N is for Nebula — Highlights in Astronomy

“N” is for Nebula — Highlights in Astronomy

Astronomy has been a staple in my life since I was very young. My dad was devoted to amateur astronomy for a number of years, purchasing, building, and using his own telescopes for observation and astrophotography. This led to spending one week out of every summer at Starfest, one of the world’s largest star parties hosted every year near Mount Forest, Ontario. Armed with my own telescope at the age of eleven, I searched the sky for new and exciting objects to mark off in my observation log book.

N is for Nebula - Meade LX200 GPS
This is my telescope, Betsy. How do you like her glamour shot?

It took me years to realize that not everyone is as exposed to astronomy as I was as a kid. In fact, a number of people I’ve met have never even seen a planet through a telescope before, let alone a galaxy or a nebula! But since I never got into the photography aspect of the hobby, I figured I’d take advantage of one of my favourite astrophoto resources, APOD (Astronomy Picture of the Day) to share some of my favourite objects in the night sky.

The Astronomy Starter Pack: Jupiter, Venus, and the Moon

 N is for Nebula — Highlights in Astronomy — Jupiter, Venus, and the Moon

I’ll admit, sometimes I skip past viewing the planets and go straight to the deep-sky, far-away objects. But it’s always interesting and humbling to take a look at our solar siblings, and the Moon that started this fascination with space for so many of us.

For reference, top left is Jupiter, and those four points in a diagonal line next to it are its four visible, “Galilean” moons: Io, Europa, Ganymede, and Callisto. Bottom left is Venus. On the right, of course, is the Moon. Hopefully you know that one by now.

M57: The Ring Nebula

 N is for Nebula — Highlights in Astronomy — M57

This is a planetary nebula, which means it is the remnant of a sun-like star that has shed its outer layers of gas, leaving only that little white dwarf in the centre. I like looking for M57 early in an evening, because it’s a quick win: easily resolved and always cool. Of course, the colours don’t show up in the telescope, but the white ring is still worth seeing.

(To explain the jargon: M57 means Messier 57, meaning the 57th object Charles Messier catalogued in the 1770s.)

M31: The Andromeda Galaxy

 N is for Nebula — Highlights in Astronomy — M31

This is our closest neighbouring galaxy. You may recognize this galaxy, I’m told, from one of the default background images on a Mac, with one exception: you see that smaller galaxy just below and to the right of Andromeda? Apple photoshopped poor M110 out of their image! You’ll have to check for yourself; I’m not a Mac person. Either way, though, Andromeda is on a collision course with the Milky Way… in the next, oh, 4 billion years or so.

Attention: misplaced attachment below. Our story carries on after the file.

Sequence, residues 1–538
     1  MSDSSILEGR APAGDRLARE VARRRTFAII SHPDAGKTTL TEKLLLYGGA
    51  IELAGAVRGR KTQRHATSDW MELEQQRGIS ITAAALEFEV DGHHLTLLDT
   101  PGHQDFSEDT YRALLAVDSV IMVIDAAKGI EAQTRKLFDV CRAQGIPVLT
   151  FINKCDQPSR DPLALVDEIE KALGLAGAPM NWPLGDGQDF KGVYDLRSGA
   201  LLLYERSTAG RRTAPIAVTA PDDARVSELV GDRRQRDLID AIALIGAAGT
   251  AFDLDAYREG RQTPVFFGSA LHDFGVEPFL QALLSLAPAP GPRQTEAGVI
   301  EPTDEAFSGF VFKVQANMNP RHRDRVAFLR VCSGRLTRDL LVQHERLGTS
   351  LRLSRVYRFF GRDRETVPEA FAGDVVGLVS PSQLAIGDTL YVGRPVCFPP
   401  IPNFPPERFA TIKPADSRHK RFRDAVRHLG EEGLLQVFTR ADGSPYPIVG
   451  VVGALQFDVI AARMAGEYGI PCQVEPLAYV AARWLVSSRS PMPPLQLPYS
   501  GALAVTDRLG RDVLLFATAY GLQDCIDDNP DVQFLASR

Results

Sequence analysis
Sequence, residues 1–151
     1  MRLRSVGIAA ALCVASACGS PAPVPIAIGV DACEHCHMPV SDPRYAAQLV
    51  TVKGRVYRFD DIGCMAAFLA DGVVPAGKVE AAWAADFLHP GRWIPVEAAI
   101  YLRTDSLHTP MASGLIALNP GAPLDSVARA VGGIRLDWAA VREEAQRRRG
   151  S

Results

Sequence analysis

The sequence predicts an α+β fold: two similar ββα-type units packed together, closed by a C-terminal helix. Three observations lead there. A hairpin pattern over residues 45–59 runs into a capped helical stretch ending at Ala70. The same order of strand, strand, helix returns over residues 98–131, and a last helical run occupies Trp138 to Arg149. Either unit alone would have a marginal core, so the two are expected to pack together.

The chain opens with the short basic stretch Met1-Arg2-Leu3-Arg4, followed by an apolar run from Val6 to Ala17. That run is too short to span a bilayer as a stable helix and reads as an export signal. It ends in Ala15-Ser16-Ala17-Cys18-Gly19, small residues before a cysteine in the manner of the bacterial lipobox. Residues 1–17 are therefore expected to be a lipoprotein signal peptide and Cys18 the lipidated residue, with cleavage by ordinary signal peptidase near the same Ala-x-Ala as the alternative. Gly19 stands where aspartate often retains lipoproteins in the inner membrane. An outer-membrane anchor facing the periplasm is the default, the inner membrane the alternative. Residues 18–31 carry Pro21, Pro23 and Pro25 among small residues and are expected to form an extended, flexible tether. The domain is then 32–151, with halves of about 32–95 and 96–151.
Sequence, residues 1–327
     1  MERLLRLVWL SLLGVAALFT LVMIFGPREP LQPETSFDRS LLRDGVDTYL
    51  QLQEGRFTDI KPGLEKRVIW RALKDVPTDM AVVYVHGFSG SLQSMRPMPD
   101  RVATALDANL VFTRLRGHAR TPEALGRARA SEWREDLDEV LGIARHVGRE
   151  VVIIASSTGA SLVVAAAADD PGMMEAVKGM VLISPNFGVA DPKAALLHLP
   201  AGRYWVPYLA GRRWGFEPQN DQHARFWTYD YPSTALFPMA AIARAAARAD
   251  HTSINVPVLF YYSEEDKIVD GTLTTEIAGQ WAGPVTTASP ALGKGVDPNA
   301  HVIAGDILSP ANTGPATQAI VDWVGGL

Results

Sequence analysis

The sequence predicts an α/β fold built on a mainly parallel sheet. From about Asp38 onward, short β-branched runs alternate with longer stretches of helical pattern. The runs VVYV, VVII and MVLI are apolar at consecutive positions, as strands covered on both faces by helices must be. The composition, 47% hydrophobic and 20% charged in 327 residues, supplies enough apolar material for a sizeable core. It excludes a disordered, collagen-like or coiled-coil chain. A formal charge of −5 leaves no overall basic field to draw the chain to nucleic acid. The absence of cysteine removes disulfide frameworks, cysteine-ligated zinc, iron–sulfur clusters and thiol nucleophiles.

M13: The Great Globular Cluster in Hercules

 N is for Nebula — Highlights in Astronomy — M13

I love looking at globular clusters. They’re essentially just tightly-packed collections of generally older stars within our Milky Way Galaxy. This particular “glob” contains about 100,000 stars. I find these are fun because it’s always a challenge to try and resolve as many stars as possible, and to try and imagine the sheer scope of what you’re seeing. Each dot is a star, people!

This is just a first taste of the kinds of beauty and geekery waiting to be discovered in the sky each night. (In the Northern Hemisphere, anyway.) If you liked this post and want more astronomical recommendations, let me know!

What do you love to look at in the night sky, or what have you always dreamed of seeing?

4 thoughts on ““N” is for Nebula — Highlights in Astronomy”

  1. Lovely! I’m a stargazer but only naked eye and binocular at the moment. Meteor showers, the moon and planets and constellation hopping are my things. Thanks for this post.

    1. Nice! I still like trying to find and identify objects with the naked eye. I was so proud of myself for being able to locate Andromeda and the Double Cluster without a telescope! Meteor showers are always a hit, of course 🙂

  2. This is very informative, Hillary. And, your telescope is mighty impressive! While I love the unobscured night sky during my eight sailing years, I have to admit that I never have looked through a telescope before! Yes, i am missing out. I enjoyed staring at the night sky from the deck of our boat for hours on end, but never did the effort to learn about constellations. 🙁

    Liesbet @ Roaming About – A Life Less Ordinary

    1. Why thank you! I actually won the telescope a number of years ago at the Starfest star party, which was great luck and helped foster my interest in the night sky. I would say I can identify quite a few of the summer sky constellations, but nowhere near all of them!
      Thanks for stopping by, Liesbet 🙂

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